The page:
An independent inquiry has found no evidence that South Africa supplied weapons to Russia, President Cyril Ramaphosa has said.
The panel rejected claims made by the US ambassador to South Africa that a Russian ship was loaded with ammunition and arms in Cape Town last December.
The allegations had raised questions over the country’s professed neutrality in the war with Ukraine.
Mr Ramaphosa said it had damaged the nation’s currency and reputation.
“The panel found that there was no evidence to support the claim that the ship transported weapons from South Africa destined for Russia,” the president said in a televised address to the nation on Sunday.
“No permit was issued for the export of arms and no arms were exported.”
A spokesperson for the US embassy in Pretoria said the US appreciated the seriousness with which South Africa had investigated the claims but declined to comment on the report’s contents.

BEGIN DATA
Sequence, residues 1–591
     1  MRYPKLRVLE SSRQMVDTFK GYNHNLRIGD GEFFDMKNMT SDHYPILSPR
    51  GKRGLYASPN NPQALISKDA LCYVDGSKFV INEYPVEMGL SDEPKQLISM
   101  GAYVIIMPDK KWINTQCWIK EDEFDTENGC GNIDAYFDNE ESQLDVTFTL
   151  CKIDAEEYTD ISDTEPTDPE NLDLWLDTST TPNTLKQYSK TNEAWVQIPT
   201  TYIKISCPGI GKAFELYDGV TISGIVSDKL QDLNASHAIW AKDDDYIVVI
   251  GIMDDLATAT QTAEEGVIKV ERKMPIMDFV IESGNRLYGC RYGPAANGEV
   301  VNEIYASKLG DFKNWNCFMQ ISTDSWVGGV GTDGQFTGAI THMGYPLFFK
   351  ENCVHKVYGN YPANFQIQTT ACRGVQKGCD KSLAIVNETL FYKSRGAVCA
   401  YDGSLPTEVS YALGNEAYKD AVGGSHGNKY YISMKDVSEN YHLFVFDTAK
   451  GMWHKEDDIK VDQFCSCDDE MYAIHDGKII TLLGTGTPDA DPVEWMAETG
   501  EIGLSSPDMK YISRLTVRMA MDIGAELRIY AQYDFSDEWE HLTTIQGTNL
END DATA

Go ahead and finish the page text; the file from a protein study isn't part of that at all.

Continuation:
The inquiry found instead that the Russian cargo ship had delivered a consignment of weapons from Russia to South Africa, ordered in 2018.
Ambassador Reuben Brigety’s claims referred to the docking of Lady R in the Simon’s Town naval base between 6 and 8 December 2022.
He told a media briefing in Pretoria in May he was “confident” weapons and ammunition were loaded to the vessel “as it made its way back to Russia”.
A day later, South Africa’s foreign ministry said Mr Brigety had “apologised unreservedly” for the claims.
Writing on social media after the meeting, Mr Brigety said he was “grateful for the opportunity to… correct any misimpressions left by my public remarks”.
Mr Ramaphosa ordered an independent judge-led inquiry in the wake of Mr Brigety’s comments.
“None of the persons who made these allegations could provide any evidence to support the claims that had been levelled against our country,” Mr Ramaphosa said following the inquiry’s conclusion.
The president will only be releasing an executive summary of the report, for security reasons.
The inquiry had visited the naval base, heard from almost 50 people and reviewed more than 100 documents, Mr Ramaphosa added.
South Africa has sought to maintain friendly relations with Russia since its invasion of Ukraine in February 2022, drawing criticism from the US and other Western nations.
It is one of only a handful of nations that has abstained from a number of UN votes on the conflict, refusing to publicly condemn Russia on the matter.
The US has previously raised concerns about joint naval exercises between Russia and South Africa.